21st Century Stern Steerer
21st Century Stern Steerer
by Randy Rogoski
Most of our club’s members sail and race small single-handed iceboats that are easy to transport and set up, with one big exception.Erik Sawyer’s boat, Michigander, is 40-feet long and weighs 1,400 pounds. It’s in a class by itself. For one thing, it has a name. It also has an enclosed trailer the size of a semi. He easily owns the largest ice yacht in the club, and one of the largest sailing anywhere. And he built it himself, with a little help from his friends.
He needs help from his friends to sail and race it too. This “A”-class Stern Steerer carries 360 square feet of sloop-rigged sail. “That’s a lot of horsepower” said Sawyer, who won his division at the 2012 Northwest Ice Yacht Association regatta February 24 and 25 on Green Bay.
Sawyer sailed on Green Bay nine days this season, a lot of sailing compared to most club members. “I’m expecting a tax bill from the State of Wisconsin,” because of numerous trips to the State over the years to build the boat and sail, he said.
Sawyer’s roots are on the Bay, and with the classic 19th-century-ice-yacht design with the runner plank forward and the steering aft. His parents, Chip and Sue Sawyer, hail from Menominee, the first Upper Peninsula city on Green Bay across the Michigan-Wisconsin border. His father grew up there sailing Stern Steerers. Like his uncles, he also works in the merchant marine. Sawyer, 47, is a captain for the Interlake Steamship Co. which operates a fleet of Great Lakes bulk cargo carriers. When the Soo Locks close for the winter, he can devote his time to ice boat building and sailing.
He grew up sailing a kid-sized Stern Steerer, has owned a Renegade and a Skeeter, but always wanted a big Stern Steerer. About 1990, he brought home a 40-foot Stern Steerer named Eclipse from Pewaukee, Wis. After the mast and plank were broken in capsizes, Sawyer built replacements from lighter materials using composite construction.
In 2004 he went on a 3,600-mile sailing trip to Canyon Ferry Reservoir, Mont. with his dad and Don Fischer. While becalmed for five days and over many beers, the idea was hatched to build a new fuselage that would be half the weight of the original. Plans were drawn based on proven designs with a Green Bay friend, Jay Yaeso. In 2009, the project to build the fuselage began in Yaeso’s workshop above his garage that was finished in March 2011.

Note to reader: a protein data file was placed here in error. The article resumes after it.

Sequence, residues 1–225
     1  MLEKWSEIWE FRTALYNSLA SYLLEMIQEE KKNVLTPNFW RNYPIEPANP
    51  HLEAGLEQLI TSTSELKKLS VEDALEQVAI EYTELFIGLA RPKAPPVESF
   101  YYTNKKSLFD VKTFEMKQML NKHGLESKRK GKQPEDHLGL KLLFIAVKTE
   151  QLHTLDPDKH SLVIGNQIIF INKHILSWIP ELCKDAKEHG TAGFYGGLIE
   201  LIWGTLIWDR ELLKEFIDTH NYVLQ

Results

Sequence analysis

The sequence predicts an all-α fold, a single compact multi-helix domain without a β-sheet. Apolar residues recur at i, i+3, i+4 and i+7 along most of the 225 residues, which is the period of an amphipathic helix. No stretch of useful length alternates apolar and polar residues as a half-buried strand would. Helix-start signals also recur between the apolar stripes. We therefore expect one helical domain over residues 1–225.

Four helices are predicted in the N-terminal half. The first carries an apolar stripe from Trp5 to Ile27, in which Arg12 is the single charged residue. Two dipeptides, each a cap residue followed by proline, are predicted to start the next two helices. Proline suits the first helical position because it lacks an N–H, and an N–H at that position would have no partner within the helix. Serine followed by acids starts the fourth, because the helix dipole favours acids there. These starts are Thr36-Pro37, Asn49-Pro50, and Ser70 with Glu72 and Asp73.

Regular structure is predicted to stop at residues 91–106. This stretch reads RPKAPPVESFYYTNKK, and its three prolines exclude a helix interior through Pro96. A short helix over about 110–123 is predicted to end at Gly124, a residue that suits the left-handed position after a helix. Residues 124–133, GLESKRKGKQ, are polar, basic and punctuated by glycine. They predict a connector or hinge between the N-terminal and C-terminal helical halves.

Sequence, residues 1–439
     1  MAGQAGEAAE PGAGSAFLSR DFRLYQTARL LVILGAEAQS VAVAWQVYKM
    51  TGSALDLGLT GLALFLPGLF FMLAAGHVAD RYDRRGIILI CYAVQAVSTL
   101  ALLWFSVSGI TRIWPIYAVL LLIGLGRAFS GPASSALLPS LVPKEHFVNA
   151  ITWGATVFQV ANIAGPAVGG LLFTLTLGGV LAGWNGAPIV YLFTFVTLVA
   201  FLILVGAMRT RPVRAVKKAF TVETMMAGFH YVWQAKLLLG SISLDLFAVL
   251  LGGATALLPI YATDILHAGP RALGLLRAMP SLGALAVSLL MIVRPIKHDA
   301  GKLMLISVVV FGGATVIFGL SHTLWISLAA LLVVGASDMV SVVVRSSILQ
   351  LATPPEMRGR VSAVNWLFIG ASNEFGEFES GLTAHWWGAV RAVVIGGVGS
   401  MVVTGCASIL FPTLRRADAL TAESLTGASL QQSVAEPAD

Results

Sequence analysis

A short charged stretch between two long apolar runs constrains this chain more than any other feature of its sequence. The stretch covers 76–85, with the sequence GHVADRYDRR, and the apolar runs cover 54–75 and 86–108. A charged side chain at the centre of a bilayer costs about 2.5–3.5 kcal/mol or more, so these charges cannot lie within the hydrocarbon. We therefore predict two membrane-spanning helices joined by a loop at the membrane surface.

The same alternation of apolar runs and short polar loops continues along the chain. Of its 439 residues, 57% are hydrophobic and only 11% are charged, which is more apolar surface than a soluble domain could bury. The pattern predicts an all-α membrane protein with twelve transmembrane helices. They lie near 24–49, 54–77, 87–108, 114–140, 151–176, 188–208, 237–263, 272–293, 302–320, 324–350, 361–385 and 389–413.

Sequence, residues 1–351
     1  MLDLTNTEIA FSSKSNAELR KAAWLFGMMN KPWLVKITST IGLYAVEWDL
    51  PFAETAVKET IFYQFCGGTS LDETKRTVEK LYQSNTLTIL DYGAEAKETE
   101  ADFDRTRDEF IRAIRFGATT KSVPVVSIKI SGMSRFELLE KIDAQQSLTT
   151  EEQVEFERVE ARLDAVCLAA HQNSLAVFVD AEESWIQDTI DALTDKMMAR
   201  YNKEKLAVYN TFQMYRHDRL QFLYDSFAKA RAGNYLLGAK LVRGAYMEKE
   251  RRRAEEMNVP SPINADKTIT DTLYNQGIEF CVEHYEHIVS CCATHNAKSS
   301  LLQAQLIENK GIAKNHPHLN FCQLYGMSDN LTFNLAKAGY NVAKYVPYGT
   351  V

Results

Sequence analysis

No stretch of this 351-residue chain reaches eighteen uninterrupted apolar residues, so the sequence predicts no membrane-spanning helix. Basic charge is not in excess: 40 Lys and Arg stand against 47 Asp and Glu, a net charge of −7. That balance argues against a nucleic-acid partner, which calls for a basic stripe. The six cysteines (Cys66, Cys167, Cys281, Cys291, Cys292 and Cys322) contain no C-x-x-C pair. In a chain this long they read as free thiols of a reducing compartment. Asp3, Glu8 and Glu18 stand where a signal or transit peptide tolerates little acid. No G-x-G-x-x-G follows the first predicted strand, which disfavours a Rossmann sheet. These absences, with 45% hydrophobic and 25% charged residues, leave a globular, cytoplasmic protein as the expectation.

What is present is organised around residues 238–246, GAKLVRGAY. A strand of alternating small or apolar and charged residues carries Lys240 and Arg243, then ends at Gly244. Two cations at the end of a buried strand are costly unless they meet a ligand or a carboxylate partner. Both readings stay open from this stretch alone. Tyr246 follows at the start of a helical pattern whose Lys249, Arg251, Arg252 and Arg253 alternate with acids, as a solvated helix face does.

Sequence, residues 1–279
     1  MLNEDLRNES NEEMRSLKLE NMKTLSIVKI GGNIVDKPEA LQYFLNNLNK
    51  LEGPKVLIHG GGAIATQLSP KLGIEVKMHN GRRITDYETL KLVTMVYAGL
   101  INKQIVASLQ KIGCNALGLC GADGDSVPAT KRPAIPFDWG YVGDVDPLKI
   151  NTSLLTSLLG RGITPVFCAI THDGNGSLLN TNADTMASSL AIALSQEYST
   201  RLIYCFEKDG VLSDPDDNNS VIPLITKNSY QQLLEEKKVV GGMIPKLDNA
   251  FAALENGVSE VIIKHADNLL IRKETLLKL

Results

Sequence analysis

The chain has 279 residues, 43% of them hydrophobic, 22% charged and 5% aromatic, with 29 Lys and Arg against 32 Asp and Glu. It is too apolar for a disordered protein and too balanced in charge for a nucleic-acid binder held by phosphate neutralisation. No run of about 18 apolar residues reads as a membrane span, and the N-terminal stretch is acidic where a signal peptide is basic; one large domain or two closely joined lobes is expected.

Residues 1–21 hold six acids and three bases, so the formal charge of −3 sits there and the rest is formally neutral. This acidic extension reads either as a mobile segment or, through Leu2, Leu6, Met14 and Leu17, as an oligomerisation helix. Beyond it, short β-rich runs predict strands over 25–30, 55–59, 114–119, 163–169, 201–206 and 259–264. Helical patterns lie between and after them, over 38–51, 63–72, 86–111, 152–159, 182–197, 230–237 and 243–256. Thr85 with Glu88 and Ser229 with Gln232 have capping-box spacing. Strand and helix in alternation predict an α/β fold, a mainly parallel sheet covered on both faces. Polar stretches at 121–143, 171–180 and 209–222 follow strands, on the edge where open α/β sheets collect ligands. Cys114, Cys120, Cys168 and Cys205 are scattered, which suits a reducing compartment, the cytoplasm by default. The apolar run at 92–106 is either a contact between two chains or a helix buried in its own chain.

It took 10 week-long trips, much sawing, clamping and 40 gallons of glue to build the hull from Sitka spruce. A crane was hired to lift the fuselage through a second-story window to a waiting truck.
Sawyer also built a 45-foot enclosed trailer to carry Michigander, its 39-foot mast, 28-foot plank, and runners. The components ride on a caster-mounted dolly that slides out the rear hatch. The weight of the loaded two-axle trailer is 3,500 pounds. It takes three sailors an hour to rig the boat and get her ready to go.
He hauled his program to Green Bay and sailed six days from Feb. 4 to 12, sailing with friends Murray Pulver and Dan Baldwin. He returned for the Northwest Ice Yacht Association regatta Feb. 24 and 25 to race in very good conditions. “It was the first time on the starting line,” Erik said.
The NIYA is a multi-class regatta that dates from the early 20th century. Fleets of DNs, Renegades, Skeeters and Stern Steerers race in rotation. A family tradition, Sawyer has attended this regatta many times. It’s fun to watch the other races, enjoy the party on the ice, and the banquet on shore, he said.
This season’s regatta was sailed on big ice at the shallow southern end of Green Bay. He could drive his tow vehicle and trailer onto 14 inches of ice for easy set up. They sailed four lap races around a course set with 1.5-mile legs. The wind blew 10-12 mph, the temperature was 35 degrees, the sun was shining, “It was just perfect,” Erik said.
Classic ice yachts that may have given Michigander a race were spooked by the weather forecast; the skippers of 56-foot Deuce and 42-foot Taku didn’t attend. Sawyer dominated the small Stern Steerer field to win his division. “I could have lapped ’em if I tried.”
When the Renegade’s were pushing during their race, Erik and crew could hardly hold her back while waiting in the pits. He is so impressed with the boats horsepower in a fair breeze he wants a 250-square-foot mainsail for better control in more wind. He is also building a set of runners from edge-holding 440c stainless steel to go along with the set made of soft steel from the original Eclipse.
In a 10-mph wind he was sailing 60 to 65 mph. But that’s just a warm up.
For every hour of sailing an iceboat, there are many more hours building, traveling to the ice, setting up, waiting around, and repairing the boat when it breaks. To spend as much time sailing Michigander as he’s spent working on it, Erik said he would have to live 200 years to catch up.
“It’s that 80 mile-an-hour ride, that’s why we do it,” he said.
And he has other projects in the works. “That’s the beauty of an iceboat. They’re never done.”